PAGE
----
Using Number Needed to Treat to Evaluate Health & Wellness Programs

Health and wellness programs can help policyholders live longer and healthier lives. The Number Needed to Treat is one tool for evaluating the effectiveness of these programs.

Number Needed to Treat

Life insurance companies are eager to assist their policyholders in meaningful ways. Policies provide financial protection in the case of early death, many of which are preventable.

Preventable deaths all have one thing in common: the presence of one or more modifiable risk factors. Recognizing these modifiable risk factors is the first step followed by taking specific actions to mitigate them.

Some companies have recognized this and are considering health and wellness programs designed to assist their policyholders in recognizing modifiable risk factors and doing the necessary interventions to eliminate or mitigate them. Participating in a health and wellness program can lead to the policyholder enjoying a longer and healthier life in addition to forming a stronger bond with the life insurance company.

Many third-party companies are dedicated to providing health and wellness programs with numerous targeted conditions and with varied approaches. With limited available resources it is important for life insurance companies to identify programs that are most meaningful and have the best opportunity to be successful. When comparing various programs, one frequently used tool is the number needed to treat (NNT) calculation.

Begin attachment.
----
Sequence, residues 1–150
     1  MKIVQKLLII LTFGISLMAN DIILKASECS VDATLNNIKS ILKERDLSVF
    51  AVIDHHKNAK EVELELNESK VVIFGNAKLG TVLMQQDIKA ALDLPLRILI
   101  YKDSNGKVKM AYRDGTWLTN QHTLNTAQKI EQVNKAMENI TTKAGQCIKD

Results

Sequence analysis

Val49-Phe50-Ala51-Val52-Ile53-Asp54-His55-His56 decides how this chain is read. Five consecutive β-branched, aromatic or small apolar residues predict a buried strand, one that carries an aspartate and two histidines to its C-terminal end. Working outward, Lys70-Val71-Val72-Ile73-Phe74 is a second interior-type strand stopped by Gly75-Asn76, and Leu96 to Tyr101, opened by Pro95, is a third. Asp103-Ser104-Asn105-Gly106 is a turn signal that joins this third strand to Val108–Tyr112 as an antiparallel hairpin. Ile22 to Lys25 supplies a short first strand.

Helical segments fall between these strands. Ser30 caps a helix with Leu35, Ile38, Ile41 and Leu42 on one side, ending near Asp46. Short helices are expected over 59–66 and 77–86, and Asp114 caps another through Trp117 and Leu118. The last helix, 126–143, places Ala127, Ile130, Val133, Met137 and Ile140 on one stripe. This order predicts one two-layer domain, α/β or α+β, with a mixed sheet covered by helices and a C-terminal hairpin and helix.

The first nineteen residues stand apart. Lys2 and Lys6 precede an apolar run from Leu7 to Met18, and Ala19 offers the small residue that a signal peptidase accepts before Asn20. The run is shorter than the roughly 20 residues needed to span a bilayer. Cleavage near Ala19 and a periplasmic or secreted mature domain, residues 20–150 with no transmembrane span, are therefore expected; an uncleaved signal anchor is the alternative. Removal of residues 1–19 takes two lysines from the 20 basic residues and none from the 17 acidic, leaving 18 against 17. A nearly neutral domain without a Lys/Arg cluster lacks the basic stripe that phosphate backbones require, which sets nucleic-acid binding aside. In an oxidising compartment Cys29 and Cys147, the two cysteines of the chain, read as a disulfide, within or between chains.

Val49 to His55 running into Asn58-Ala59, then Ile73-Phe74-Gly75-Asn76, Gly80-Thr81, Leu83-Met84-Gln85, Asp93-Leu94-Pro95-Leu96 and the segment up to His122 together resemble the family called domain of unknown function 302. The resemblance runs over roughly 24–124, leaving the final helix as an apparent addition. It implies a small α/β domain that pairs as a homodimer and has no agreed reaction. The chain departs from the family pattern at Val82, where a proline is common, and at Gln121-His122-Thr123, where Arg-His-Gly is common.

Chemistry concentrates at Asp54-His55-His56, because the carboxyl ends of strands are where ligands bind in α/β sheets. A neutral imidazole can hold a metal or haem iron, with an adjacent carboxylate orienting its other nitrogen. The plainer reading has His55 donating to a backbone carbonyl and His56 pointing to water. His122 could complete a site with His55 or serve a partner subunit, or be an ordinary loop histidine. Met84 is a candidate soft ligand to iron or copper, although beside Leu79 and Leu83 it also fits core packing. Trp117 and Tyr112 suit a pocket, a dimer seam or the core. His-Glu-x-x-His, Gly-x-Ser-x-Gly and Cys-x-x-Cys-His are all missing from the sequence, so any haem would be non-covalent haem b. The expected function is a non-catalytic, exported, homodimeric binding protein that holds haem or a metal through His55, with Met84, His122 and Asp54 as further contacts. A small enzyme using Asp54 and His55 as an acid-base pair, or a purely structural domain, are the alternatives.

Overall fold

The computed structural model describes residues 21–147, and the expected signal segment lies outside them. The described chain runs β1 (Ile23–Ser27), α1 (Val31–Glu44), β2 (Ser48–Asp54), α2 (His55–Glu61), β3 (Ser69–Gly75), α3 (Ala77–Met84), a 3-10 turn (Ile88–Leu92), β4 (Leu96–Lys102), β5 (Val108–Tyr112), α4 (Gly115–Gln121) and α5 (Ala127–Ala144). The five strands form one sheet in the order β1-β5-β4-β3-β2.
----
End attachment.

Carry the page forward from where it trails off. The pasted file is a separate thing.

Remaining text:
What is the NNT? 

The NNT is a measure of a treatment effect. It is sometimes easy to think that actions recommended by health professionals will be successful for every individual. Unfortunately, that is not always the case. For example, screening mammograms are recommended for discovery of abnormalities associated with early-stage cancer. Often, those early-stage cancers are more successfully treated when compared to late-stage breast cancer, and thus breast cancer deaths can be avoided.

Studies have clearly shown benefit of screening mammograms, so it is easy to think that if one obtains a mammogram as per the guidelines and recommendations, they will not die from breast cancer. That is not true. Even if a person is compliant with the guidelines and obtains mammograms as recommended, he or she can still die from breast cancer.

A mammogram is a tool that is considered very helpful, but it can’t prevent all cancer deaths. In addition, many women will never develop breast cancer; therefore, they won’t benefit from that screening. It isn’t possible to identify those people individually so the recommendation is for all women to undergo mammography knowing that some will not benefit directly. Therefore, many women need to obtain the recommended mammograms for one death to be avoided. But how many? 

The NNT tool helps answer that question. This paper considers the value of the NNT in context with a large population of people not for one individual. Everyone has his or her own risks and considerations, and the NNT designed for population management is not as impactful for an individual assessment. For instance, high-risk individuals, based upon family history or other risk factors, have different screening recommendations, and the benefit of screening of a high-risk individual will be much higher than that for a person of average risk.

Each health-related activity designed to eliminate a modifiable risk factor has a different NNT. As H&W programs are being developed, the NNT tool is one factor that can be used to help select the components of the program. Learn more about NNT and its use cases in the Expert Views article linked at right.

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VP, Medical Director, Americas
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